Tom Brady hasn’t outright criticized any of the Patriots’ personnel decisions this year. But he hasn’t been hard to read, either. Brady has been given every opportunity to say nice things about his teammates, and instead he just acts kind of mopey about the state of the offense right now.
He didn’t appear thrilled that Antonio Brown was taken away from him. Nor did he seem pleased that Bill Belichick released tight end Ben Watson this week. And Brady is not exactly brimming with confidence in the youngsters the Patriots have given him at receiver and tight end (Jakobi Meyers, Gunner Olszewski, Matt LaCosse, and Ryan Izzo).
“I’m the quarterback, so I don’t make those decisions,” Brady said Tuesday, repeating an answer he gave after Brown’s release last month. “Whoever’s out there, that’s who I’ve got to play with.”
But someone came up with an interesting suggestion Wednesday morning that could turn Brady’s frown upside-down. The idea came from, of all people, Antonio Brown.
“If you guys follow the Patriots, tell them call me,” Brown said between workouts on an Instagram Live video. “They still got to pay me, might as well let me earn it.”
Brown could be right about that last part. He reportedly has filed grievances through the NFL Players Association seeking payment of his $9 million signing bonus from the Patriots, and the collective bargaining agreement is pretty clearly in his favor. The grievance isn’t going to be resolved until next spring, but Brown is almost certainly going to win.
Despite how upset Brown was that the Patriots released him, he apparently wants to come back and catch touchdown passes from Brady.
It has to be tempting for the Patriots.
And maybe not as crazy as it would have sounded when the Patriots released Brown after just 11 official days with the team. He was let go after his former trainer filed a sexual assault lawsuit against him in federal court in Florida, and after he allegedly sent threatening text messages to a female artist who in a Sports Illustrated article accused him of sexual assault.
Here’s betting Brady would take Brown back. Brady didn’t seem like he wanted the Patriots to release Brown in the first place. Now Julian Edelman, Rex Burkhead, and Phillip Dorsett are banged up, the tight ends are young and still learning, Josh Gordon is inconsistent, and James Develin is out. The offense struggled all day in Buffalo in Week 4, and in the first half in Washington last Sunday.
I think Belichick probably would take Brown back, too. It didn’t seem like he wanted to release Brown, either. Belichick let Brown practice with the team and take all of the first-team reps several hours after Sports Illustrated published its story on the threatening text messages. Belichick let his assistant coaches speak highly of Brown that same day, as well.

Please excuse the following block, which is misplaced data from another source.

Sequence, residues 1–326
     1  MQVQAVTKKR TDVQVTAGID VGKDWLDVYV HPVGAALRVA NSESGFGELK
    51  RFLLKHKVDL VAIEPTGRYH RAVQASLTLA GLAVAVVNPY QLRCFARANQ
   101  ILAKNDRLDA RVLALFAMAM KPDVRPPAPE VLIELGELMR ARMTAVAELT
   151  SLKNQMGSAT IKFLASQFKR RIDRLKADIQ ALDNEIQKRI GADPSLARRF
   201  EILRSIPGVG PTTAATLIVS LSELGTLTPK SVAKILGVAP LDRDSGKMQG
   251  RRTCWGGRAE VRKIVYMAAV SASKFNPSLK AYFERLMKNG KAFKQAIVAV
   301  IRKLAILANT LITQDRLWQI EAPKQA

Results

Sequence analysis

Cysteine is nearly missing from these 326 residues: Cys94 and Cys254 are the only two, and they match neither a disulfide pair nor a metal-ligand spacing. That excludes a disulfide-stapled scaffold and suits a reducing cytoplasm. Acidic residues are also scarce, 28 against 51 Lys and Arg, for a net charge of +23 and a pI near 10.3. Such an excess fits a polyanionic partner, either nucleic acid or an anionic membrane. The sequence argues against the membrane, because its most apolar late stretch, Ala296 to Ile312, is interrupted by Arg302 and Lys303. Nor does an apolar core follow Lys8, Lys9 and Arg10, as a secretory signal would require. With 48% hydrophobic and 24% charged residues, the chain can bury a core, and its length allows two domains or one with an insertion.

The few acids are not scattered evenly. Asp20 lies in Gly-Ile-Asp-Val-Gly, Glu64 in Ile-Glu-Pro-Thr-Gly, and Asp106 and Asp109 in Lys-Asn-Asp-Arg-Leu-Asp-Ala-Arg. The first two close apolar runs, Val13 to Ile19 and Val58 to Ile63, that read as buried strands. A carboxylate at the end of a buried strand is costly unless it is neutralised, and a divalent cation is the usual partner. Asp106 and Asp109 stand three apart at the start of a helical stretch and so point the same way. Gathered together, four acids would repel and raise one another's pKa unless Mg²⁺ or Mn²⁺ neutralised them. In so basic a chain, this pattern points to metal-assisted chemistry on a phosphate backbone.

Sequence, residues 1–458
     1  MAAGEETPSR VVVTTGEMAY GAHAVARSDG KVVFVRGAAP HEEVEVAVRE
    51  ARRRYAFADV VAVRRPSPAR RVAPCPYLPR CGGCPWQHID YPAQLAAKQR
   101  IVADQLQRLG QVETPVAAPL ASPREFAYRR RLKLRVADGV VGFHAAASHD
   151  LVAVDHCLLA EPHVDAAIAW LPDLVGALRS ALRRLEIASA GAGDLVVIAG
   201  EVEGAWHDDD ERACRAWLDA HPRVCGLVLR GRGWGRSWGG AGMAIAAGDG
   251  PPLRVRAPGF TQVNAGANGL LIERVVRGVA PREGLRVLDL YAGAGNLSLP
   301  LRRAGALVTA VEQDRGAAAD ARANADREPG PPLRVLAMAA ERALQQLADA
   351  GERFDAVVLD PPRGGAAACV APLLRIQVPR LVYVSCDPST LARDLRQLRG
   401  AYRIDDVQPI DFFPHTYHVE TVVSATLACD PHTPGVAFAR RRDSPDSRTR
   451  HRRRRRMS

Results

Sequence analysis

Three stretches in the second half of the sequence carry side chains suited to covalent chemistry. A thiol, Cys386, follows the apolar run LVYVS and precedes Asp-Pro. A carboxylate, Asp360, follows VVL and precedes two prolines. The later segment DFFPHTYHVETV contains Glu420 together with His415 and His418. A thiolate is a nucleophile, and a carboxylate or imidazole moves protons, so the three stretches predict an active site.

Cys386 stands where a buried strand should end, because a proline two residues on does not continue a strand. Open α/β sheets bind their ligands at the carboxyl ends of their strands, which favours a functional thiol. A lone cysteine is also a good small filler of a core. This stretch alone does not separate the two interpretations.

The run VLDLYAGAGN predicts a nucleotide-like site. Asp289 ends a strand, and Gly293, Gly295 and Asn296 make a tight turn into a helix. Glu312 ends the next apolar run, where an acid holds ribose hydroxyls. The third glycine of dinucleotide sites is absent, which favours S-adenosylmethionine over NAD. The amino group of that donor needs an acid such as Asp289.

Belichick might have to give Brown the condition that he could rejoin the team only if he throws his cellphone into the Charles River. But Belichick is well aware that the Patriots need another weapon on offense, whether it’s at receiver or tight end. The trade deadline is in three weeks, and the Patriots should be active.
The only major roadblock to an AB reunion seems to be Robert Kraft, who eventually succumbed to public pressure in releasing Brown. The relationship appeared to be permanently severed when Brown not-so-subtly referenced Kraft’s embarrassing prostitution dust-up on Twitter after being released.
But if Kraft can swallow his pride, Brown could be the difference between winning and losing a seventh Super Bowl. With Brown, 19-0 might even be on the table.
The drawback to rehiring Brown, of course, is all of the off-field noise, which has died down since the Patriots released him. The former trainer quietly withdrew her federal lawsuit, and instead is going to refile it in Florida state court. Either way, the case remains a matter of he said/she said, and won’t be resolved for a long time.
The controversy with the female artist and the threatening text messages has died down, as well. NFL commissioner Roger Goodell hasn’t placed Brown on the exempt list, so Brown currently is in good standing with the league, though its investigation is ongoing.
The salary cap is an issue, since the Patriots are so tight on space. Perhaps they could sign Brown to a minimum contract, then promise to pay him the $9 million he is grieving next spring.
The Patriots surely would take a lot of heat from fans and media. But it’s nothing they didn’t deal with the first time.
Meanwhile, Brown has been training every day in Miami, working out at high schools and making it clear on social media that he wants to keep playing football.
“The best receiver right now is at home in Miami,” he said on his video. “I’m going to do everything I can to get back.”
Brown wants back in. The Patriots need a playmaker. And they’re going to pay him, anyway.
It has to be tempting.